Though I had the same job for twenty years, I am routinely asked for help with resumes and cover letters. People call me for directions when I can barely get across my own town with a GPS. People in the grocery store who do not know me, ask which is the best brand of cat food. How am I supposed to know? The cat I can draw doesn't eat. The real ones in my house haven't told me.

Ludicrous as these requests are, there is one that stands alone, never to be touched. I was once asked to judge a wine making contest. I said, "You do know that though I am a snob about hard liquor, mayonnaise, and fish, my idea of good wine is screw top raspberry Reunite with a splash of diet Sprite?" Yet, they still wanted me.

And then there are those times when people will not listen. I'm not even talking about people ignoring an opinion. I'm talking about black and white stuff, like what time Target opens. You can ignore me and hope it opens at 6 AM but that won't make it so.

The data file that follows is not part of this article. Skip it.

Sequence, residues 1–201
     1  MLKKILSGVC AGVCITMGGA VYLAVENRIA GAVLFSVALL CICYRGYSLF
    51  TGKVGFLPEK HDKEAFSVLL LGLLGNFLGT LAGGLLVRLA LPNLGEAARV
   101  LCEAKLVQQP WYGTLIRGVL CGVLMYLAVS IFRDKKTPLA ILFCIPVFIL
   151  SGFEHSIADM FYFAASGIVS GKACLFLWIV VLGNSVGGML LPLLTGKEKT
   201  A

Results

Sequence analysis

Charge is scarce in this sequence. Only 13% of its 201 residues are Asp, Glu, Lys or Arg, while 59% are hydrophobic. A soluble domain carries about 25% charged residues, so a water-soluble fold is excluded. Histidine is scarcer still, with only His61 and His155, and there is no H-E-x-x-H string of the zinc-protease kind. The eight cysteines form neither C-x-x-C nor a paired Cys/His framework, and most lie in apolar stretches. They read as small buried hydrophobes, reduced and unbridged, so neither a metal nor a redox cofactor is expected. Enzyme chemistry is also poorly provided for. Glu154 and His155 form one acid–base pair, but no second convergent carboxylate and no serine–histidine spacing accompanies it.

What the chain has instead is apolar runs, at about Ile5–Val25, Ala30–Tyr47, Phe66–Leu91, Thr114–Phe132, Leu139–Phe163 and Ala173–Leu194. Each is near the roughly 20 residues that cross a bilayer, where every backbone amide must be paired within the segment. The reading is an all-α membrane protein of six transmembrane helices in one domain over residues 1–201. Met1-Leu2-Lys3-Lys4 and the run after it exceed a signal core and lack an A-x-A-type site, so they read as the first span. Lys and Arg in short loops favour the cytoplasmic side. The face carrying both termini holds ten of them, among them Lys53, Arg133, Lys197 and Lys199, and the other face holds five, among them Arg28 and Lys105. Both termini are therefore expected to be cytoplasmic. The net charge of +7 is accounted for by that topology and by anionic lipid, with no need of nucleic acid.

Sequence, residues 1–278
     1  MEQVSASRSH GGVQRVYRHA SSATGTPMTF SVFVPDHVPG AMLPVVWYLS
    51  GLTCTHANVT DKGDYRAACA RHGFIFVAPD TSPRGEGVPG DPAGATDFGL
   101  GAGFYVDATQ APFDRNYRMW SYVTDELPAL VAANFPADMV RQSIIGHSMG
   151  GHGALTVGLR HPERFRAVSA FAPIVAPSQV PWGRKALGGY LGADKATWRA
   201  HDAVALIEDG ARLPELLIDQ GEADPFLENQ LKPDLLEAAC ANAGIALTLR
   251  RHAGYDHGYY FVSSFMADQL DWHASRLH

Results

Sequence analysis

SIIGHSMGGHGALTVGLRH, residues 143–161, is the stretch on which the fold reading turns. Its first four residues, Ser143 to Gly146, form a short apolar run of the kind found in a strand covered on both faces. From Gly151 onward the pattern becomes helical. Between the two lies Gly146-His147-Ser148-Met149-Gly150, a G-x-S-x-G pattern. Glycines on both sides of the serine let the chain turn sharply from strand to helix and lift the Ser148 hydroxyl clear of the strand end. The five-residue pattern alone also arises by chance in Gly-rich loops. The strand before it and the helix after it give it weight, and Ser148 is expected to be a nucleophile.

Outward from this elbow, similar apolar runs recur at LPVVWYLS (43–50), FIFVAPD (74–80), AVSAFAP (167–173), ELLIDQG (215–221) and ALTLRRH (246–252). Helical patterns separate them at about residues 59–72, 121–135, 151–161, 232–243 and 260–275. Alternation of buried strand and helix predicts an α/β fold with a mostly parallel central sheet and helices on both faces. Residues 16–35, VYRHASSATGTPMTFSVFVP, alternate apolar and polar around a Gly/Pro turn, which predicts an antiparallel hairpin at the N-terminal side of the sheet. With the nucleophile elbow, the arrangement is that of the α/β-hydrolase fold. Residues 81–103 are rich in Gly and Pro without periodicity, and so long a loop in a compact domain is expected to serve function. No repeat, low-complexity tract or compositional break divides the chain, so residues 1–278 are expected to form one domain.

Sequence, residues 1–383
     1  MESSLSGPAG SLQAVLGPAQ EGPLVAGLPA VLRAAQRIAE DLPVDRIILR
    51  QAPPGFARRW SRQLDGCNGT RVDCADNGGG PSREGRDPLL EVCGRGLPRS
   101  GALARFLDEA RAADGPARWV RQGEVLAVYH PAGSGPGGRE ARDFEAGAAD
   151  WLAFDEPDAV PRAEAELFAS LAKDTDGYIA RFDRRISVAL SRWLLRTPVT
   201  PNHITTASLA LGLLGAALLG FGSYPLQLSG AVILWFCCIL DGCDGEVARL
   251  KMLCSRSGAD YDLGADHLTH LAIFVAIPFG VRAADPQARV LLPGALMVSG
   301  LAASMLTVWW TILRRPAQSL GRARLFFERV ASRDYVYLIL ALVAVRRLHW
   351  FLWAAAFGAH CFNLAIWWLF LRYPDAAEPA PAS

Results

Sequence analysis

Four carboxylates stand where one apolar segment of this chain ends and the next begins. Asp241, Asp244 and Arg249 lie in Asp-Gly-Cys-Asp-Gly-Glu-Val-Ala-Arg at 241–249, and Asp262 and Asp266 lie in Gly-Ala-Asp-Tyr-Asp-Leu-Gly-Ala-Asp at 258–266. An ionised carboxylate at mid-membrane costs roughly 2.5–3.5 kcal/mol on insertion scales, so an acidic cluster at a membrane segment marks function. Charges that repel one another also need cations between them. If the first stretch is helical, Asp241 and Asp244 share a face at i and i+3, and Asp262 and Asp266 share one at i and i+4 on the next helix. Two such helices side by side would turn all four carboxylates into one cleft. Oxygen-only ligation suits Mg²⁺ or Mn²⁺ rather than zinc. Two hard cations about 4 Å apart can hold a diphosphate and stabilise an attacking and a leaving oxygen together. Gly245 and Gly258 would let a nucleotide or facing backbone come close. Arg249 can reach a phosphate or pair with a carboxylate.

I have a clear memory of the first time people wouldn't listen to me. I was five. Don't doubt that I remember the details of this. Not everyone remembers things from an early age but I do. This is one of those things I know what I'm talking about.

It was Labor Day weekend and it was hot. My sister, who is ten years my senior, and I were in the yard when a carload of boys drove up. They threw open the doors of the car and hung their legs out, feasting on the sight of my sister in shorts. She'd probably been practicing her cheerleader routines. That I don't remember for sure but it makes sense. That was her life's work in those days. There were about five adolescent boys in the car and I can only guess they'd been shopping for school clothes and supplies, because sacks were tossed around them like packing peanuts, which had not been invented at the time.